Start with authenticity: Successful public advocacy of social or political values requires the CEO’s stand to be closely tied to a company’s actual needs and outcomes.
For example, when Facebook CEO Mark Zuckerberg and Chobani Founder Hamdi Ulukaya opposed President Trump’s attempts at a controversial immigration ban, their established history of hiring immigrants backstopped their comments and made them credible.
Brands and market positions often provide the most obvious clues to whether a CEO’s stand will ring true. “It makes a lot of sense for [Coca-Cola] to project progressive, international sorts of values,” says Americus Reed, a marketing professor at The Wharton School, because it is “an international brand, openly supporting diversity.”
Decide what purposes can work: That’s easiest if a company grows up with a stated purpose, such as Plum Organics, a childhood nutrition company co-founded by Neil Grimmer in 2007 and sold in 2013 to Campbell Soup for $249 million.
“A purpose and a mission must be at the epicenter of your culture,” says Grimmer, who went on to found an individualized nutrition startup called Habit. “That’s different than saying, ‘Our purpose is XYZ’ and not having proof points. And people need to see evidence of their work delivering on your mission on a weekly basis.”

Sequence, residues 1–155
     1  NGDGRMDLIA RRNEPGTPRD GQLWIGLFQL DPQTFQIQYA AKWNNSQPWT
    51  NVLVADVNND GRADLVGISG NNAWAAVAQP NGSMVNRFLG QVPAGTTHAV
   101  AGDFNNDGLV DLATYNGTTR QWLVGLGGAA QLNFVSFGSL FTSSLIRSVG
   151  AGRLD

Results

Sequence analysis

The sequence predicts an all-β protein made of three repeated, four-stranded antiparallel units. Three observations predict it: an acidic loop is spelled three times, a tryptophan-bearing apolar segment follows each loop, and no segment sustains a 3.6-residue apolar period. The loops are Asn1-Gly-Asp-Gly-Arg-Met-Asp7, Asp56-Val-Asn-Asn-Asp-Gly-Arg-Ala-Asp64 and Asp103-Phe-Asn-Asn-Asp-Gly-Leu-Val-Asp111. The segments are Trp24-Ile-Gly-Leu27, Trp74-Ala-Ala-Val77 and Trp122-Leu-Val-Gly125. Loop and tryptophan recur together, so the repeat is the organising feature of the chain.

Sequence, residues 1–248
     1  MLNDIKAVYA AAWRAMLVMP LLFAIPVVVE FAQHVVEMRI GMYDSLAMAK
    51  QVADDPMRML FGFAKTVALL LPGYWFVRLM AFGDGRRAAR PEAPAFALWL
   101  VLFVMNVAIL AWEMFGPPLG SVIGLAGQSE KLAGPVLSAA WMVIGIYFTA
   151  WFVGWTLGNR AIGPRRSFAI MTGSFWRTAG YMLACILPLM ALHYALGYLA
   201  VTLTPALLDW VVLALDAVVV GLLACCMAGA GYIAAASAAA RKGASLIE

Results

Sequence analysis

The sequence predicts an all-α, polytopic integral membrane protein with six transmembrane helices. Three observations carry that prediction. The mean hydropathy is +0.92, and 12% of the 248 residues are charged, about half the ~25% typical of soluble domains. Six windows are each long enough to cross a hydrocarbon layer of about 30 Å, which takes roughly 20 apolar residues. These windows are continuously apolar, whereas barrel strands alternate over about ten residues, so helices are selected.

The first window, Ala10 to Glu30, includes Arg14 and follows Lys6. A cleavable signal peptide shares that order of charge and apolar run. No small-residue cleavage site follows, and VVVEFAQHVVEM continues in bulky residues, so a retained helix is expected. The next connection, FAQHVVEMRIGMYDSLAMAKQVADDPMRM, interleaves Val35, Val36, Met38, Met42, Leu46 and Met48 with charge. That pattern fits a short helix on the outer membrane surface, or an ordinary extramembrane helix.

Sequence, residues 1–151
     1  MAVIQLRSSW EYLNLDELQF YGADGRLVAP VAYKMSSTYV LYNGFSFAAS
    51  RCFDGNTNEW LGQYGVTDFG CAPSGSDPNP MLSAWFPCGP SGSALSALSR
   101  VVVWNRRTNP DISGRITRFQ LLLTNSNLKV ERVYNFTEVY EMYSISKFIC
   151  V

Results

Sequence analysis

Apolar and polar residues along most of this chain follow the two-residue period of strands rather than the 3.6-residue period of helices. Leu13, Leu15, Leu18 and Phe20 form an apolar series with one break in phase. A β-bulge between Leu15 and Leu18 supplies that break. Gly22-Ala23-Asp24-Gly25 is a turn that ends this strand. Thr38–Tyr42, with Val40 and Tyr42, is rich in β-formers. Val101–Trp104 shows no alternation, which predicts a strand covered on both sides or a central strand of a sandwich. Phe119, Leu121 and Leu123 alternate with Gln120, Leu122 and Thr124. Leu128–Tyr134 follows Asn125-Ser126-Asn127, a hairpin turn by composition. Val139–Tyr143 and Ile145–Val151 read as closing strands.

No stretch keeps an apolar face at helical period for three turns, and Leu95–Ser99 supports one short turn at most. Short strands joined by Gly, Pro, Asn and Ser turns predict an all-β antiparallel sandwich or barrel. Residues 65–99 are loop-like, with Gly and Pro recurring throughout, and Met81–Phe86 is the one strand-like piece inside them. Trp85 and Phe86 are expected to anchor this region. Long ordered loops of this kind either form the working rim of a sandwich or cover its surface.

Indeed, the more closely a CEO can tie transcendent corporate purposes to a company’s actual products, services and missions—and not necessarily to sublime cultural or social values—the better his or her chances of success will be.
“IBM’s purpose is to put technology to use to transform businesses and make them thrive,” says Constantine Alexandrakis, head of the U.S. region for Russell Reynolds Associates. “That’s a purpose that millennials can get excited about, but it isn’t around social issues.”
Prioritize crucial constituencies: CEOs may want to reach NGO leaders and politicians and even consumers with their appeals to purpose, but they ignore the most important audiences—including shareholders and directors—at their peril.
“All CEOs should be unilaterally focused on their customers and their employees and the market they serve,” says Alexandrakis.
Millennial employees also should loom large in this consideration. “You have to step back and say, ‘What values do we believe in that would resonate with the workforce we’re trying to hire?’” says John Grace, president of the BrandTaxi consultancy.
Have a rein on social media: The C-Suite must make sure it has control of the marketing department—and especially trigger-fingered social-media staffers—when it comes to company statements and positioning on issues of the day.
Keurig Green Mountain CEO Bob Gamgort learned that lesson the hard way in November after the company pulled ads from Fox News in the wake of a host’s defense of Republican Senate candidate Roy Moore of Alabama against allegations of sexual harassment. Irate consumers smashed Keurig coffee makers and put videos online.